An environmental impact report on upcoming missile tests has bad news for Kwajalein’s giant clam community.

  • More than 200 giant clams could be killed during the testing process, as well as fish and corals.

  • The tests involve the Air Force’s new GBSD ballistic missile and ARRW hypersonic weapons.

  • The U.S. Air Force has released a new environmental impact report on upcoming missile tests, and the results aren’t good for creatures without vertebrae.

    The report says reentry vehicles (RVs) plunging into the waters near Kwajalein Atoll in the Pacific Ocean, including the AGM-183A Agile Rapid Response Weapon (ARRW), could kill thousands of coral colonies, hundreds of clams, and a handful of snails, according to Aviation Week & Space Technology’s Steven Trimble:

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    The report itself cites even more casualties with the inclusion of Ground Based Strategic Deterrent (GBSD) tests set to begin late next year. GBSD is the next intercontinental ballistic missile designed to replace the Minuteman III missiles.

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    The wildlife casualties would be the result of RVs—ice cream-cone-shaped objects that reenter the atmosphere carrying a thermonuclear warhead—splashing down in the target area. The RVs in the tests wouldn’t carry actual warheads.

    The estimated death toll from the tests includes 31,224 coral colonies and nine top shell snails. Additionally, 219 giant clams and 324 humphead wrasse fish—24 adults and 300 juveniles—would be “harassed, injured, or killed,” the report says.

    A h>umphead wrasse is a large, colorful fish that grows up to 6 feet long and lives in coral reef areas. The humphead is listed as endangered by the International Union for Conservation of Nature, but not the U.S. Endangered Species Act. Instead, the fish is classified as a “Species of Concern.”

    Photo credit: Barcroft Media - Getty Images
    Photo credit: Barcroft Media - Getty Images

    A “combination of exposure to direct payload impact, ejecta, and ground based shock wave” would kill the creatures, the report says. Here’s how the report describes a splashdown event:

    The GBSD payloads would be traveling at hypersonic velocity when it impacts the islet. The kinetic energy released into the substrate would be similar to the detonation of high explosives. The payload will effectively “explode,” with some of its mass reduced to very fine particles (“aerosolized”) and the remainder reduced to an undescribed range of fragment sizes. The substrate at the impact site would be blasted into a range of fragment sizes ranging from powder to larger rocks toward the outer edges of the crater. Some debris and substrate rubble would remain in the crater. The remainder would be thrown from the crater (ejecta). Initially, some of the ejecta would be moving at high velocity (bullet speeds). Some ejecta would move laterally, some would travel upward then fall back down up to 91 m from the impact site.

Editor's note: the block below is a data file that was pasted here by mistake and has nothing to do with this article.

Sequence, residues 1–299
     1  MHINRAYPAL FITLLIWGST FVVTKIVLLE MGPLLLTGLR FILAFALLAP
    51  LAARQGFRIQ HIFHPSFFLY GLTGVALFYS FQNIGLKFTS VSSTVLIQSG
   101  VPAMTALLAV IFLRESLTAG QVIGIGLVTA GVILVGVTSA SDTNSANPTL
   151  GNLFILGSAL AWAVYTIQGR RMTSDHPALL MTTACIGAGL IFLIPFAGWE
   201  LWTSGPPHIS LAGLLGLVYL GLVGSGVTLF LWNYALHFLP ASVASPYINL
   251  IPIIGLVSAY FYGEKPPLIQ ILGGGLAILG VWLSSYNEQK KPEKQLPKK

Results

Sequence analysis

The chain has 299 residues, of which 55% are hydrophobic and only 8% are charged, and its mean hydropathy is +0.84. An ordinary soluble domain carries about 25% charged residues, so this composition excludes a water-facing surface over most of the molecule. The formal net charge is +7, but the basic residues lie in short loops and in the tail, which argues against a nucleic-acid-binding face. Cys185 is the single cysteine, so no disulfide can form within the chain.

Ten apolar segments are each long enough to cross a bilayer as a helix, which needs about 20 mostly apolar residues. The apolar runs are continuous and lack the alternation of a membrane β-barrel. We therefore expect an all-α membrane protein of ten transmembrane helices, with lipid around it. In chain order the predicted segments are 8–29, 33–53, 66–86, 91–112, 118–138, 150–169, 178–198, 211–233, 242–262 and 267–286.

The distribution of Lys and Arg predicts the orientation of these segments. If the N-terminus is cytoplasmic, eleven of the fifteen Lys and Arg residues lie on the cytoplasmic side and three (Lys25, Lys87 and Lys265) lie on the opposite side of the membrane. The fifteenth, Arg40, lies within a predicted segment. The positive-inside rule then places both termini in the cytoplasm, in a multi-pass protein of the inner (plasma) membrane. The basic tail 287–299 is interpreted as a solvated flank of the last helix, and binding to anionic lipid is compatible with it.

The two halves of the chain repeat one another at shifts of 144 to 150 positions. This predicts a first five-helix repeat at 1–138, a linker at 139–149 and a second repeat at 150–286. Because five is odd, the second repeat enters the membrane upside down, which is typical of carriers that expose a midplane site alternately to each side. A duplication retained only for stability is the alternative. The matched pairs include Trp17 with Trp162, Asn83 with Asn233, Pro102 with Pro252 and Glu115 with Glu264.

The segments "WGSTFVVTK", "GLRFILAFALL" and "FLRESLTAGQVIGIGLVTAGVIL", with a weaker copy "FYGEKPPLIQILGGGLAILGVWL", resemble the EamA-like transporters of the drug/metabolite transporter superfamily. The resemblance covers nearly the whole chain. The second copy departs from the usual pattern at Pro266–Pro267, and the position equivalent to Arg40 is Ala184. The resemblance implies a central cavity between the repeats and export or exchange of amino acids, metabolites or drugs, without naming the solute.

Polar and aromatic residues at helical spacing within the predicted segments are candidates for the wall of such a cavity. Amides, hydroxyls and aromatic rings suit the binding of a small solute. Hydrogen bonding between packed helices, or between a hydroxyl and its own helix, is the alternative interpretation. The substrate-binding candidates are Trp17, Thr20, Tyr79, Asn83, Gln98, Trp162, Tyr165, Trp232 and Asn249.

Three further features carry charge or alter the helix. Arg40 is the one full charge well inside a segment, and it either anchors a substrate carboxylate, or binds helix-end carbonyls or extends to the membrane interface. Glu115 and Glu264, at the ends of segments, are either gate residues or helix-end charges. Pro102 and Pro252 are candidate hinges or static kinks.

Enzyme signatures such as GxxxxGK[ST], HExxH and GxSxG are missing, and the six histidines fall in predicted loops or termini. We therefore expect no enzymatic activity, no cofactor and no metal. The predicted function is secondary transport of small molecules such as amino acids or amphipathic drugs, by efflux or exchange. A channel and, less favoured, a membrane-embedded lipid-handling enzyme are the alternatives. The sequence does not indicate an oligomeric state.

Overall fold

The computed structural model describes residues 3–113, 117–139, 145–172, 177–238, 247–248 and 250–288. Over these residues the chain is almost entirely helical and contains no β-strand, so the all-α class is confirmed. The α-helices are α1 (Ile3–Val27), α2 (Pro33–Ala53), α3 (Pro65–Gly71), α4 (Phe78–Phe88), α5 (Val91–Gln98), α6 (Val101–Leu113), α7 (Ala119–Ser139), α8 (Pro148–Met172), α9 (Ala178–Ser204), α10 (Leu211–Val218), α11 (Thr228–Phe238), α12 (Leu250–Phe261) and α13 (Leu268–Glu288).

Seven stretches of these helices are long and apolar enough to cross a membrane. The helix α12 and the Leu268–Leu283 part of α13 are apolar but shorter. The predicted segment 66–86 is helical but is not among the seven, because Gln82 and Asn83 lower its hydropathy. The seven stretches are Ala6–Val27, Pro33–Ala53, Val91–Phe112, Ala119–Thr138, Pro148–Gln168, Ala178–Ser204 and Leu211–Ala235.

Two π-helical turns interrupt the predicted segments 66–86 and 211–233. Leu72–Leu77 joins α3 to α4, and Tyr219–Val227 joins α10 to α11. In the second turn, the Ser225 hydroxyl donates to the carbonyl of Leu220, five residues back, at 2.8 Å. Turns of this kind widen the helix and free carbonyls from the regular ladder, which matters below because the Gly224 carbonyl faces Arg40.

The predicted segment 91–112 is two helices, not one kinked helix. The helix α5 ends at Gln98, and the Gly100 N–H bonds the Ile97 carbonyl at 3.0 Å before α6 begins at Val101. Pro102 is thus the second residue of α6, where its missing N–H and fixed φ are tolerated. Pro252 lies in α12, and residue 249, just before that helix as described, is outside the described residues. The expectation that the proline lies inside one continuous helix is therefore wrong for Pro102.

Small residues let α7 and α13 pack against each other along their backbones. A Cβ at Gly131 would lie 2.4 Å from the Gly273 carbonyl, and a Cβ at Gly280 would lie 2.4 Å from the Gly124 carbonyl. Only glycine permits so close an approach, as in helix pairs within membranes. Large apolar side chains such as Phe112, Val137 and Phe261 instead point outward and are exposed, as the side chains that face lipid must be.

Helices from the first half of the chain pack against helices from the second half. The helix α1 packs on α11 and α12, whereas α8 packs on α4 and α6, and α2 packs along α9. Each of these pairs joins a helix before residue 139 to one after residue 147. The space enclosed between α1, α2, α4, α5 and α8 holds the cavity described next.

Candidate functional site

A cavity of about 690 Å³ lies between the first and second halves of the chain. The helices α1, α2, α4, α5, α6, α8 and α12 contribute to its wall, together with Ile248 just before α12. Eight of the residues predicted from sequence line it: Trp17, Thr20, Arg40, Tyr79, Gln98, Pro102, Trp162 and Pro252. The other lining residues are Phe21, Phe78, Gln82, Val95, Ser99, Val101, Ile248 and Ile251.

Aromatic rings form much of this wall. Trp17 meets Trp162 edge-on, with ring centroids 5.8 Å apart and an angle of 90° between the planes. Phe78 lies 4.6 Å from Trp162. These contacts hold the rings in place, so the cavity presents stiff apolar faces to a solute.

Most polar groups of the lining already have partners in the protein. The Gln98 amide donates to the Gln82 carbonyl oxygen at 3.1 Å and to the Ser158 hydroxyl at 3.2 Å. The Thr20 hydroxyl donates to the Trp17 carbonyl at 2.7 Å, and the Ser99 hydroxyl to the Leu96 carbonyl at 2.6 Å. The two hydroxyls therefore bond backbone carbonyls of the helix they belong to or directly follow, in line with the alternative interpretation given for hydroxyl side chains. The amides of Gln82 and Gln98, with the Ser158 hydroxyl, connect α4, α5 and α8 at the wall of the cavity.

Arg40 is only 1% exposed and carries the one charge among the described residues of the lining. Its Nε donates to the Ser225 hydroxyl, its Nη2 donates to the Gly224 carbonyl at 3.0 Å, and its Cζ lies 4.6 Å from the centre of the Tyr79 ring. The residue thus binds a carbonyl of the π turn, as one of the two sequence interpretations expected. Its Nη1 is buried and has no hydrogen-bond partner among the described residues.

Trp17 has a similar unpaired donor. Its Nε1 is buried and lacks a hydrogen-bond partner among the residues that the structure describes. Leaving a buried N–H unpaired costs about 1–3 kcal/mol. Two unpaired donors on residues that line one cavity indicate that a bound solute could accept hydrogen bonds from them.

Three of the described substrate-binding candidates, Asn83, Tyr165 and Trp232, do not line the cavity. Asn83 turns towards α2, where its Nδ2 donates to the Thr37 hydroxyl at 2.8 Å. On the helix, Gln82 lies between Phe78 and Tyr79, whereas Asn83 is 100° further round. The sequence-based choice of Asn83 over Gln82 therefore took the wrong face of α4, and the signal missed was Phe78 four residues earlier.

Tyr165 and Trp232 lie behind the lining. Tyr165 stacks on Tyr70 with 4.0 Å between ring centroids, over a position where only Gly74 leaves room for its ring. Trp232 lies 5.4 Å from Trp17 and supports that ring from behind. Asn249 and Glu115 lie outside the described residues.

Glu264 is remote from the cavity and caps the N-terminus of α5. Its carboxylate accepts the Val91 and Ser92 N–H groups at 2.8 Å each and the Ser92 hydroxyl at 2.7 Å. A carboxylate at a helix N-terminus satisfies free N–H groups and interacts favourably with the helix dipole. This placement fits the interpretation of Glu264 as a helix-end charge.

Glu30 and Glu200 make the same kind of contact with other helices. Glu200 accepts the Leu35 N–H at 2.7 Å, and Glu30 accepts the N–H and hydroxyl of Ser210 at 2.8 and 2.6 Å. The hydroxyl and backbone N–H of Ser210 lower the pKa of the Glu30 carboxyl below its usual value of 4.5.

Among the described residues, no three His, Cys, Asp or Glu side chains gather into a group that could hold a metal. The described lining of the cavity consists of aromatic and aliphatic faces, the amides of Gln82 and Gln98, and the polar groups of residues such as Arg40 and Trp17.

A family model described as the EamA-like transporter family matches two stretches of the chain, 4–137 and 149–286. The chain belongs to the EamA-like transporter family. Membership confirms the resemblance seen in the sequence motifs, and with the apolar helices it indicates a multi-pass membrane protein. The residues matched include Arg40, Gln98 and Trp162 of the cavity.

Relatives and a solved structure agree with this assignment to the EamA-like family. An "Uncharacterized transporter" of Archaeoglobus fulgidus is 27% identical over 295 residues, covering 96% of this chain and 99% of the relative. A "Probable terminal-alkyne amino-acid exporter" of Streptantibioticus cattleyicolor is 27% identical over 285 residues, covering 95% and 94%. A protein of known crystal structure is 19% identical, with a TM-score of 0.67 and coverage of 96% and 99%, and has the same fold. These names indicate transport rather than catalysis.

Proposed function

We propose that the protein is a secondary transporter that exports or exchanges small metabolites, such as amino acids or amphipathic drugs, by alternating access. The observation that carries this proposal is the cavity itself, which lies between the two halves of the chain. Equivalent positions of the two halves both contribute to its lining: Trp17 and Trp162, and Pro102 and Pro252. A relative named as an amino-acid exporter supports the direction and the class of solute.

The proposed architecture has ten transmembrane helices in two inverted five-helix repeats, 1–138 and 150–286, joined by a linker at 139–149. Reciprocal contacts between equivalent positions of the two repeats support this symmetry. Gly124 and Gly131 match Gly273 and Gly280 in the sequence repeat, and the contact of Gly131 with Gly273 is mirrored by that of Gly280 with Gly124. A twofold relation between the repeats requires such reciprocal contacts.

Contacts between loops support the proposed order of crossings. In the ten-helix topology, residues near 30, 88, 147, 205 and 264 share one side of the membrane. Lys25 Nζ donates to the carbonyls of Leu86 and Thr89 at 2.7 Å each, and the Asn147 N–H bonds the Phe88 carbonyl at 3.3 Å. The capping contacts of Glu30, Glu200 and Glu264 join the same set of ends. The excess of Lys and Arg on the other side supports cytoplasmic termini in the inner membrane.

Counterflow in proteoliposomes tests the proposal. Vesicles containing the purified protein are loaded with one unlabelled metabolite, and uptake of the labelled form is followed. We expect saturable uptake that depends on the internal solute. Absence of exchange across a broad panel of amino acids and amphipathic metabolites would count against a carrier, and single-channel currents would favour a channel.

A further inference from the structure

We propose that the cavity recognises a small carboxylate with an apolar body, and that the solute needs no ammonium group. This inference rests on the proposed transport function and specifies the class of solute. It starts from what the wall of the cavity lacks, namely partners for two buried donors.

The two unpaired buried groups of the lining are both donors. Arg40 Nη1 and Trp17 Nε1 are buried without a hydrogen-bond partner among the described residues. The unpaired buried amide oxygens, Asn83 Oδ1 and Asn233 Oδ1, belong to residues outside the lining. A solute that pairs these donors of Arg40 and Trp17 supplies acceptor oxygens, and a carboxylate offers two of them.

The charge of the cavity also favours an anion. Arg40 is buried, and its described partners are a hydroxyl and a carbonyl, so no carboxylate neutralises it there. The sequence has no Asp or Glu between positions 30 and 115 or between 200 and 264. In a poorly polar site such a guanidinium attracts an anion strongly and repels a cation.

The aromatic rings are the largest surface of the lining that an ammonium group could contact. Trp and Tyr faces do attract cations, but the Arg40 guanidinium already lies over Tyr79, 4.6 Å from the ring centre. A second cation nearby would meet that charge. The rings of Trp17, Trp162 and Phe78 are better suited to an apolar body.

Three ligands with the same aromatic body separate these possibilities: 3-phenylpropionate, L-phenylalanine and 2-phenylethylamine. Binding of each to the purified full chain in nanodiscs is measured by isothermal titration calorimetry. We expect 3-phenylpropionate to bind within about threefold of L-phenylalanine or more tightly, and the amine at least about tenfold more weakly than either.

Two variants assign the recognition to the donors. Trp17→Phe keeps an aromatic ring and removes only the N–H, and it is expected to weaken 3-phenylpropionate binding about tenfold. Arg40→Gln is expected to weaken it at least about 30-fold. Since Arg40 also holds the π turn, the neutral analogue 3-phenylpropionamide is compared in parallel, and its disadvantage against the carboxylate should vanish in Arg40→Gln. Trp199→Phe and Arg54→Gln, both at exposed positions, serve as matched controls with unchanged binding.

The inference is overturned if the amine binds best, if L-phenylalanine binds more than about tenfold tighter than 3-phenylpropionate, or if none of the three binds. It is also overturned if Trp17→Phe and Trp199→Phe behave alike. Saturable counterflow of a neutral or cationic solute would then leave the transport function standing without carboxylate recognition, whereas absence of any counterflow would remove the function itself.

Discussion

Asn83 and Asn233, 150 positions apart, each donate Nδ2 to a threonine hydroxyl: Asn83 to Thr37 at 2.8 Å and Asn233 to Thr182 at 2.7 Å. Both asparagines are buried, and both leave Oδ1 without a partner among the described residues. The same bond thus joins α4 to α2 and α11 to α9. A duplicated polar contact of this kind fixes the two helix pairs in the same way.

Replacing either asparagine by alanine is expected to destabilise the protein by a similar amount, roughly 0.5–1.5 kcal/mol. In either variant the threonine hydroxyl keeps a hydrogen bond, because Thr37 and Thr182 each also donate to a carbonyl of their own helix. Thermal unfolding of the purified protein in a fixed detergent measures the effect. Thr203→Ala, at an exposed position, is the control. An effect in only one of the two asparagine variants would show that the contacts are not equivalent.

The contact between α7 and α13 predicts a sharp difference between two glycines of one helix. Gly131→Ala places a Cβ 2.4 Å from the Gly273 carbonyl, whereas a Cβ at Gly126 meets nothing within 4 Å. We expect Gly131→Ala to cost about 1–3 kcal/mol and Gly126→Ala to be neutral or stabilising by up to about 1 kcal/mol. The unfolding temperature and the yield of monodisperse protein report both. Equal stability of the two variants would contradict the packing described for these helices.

Photo credit: Prisma by Dukas - Getty Images
    Photo credit: Prisma by Dukas - Getty Images

    The report continues:

    Any corals and top shell snails directly beneath the payload, or within the crater radius are expected to be instantly killed, with very little left of the organisms that would be recognizable. Beyond the crater, corals and top shell snails would be exposed to ejecta and the ground borne shockwave. Corals and top shell snails immediately beyond the crater would likely experience mortality from impact by high-velocity ejecta, from burial under mobilized crater material, or from exposure to the ground borne shockwave.

    The report also discusses how sonic booms from the tests would affect local wildlife. The reentry vehicles and hypersonic glide body vehicles would streak into the impact area at Kwajalein at speeds faster than the speed of sound. The report estimates the sound level at the impact area at 176 decibels in the water.

    That level, the Air Force thinks, is enough to generate behavioral changes in whales, dolphins, seals, rays, sharks, and other fish, but below the peak pressure threshold for the animals—presumably, the level of noise that would cause real physical damage and lasting harm. As long as the animals are not directly in the path of a reentry vehicle, like the corals, snails, clams, and wrasses, they shouldn’t suffer any permanent damage.

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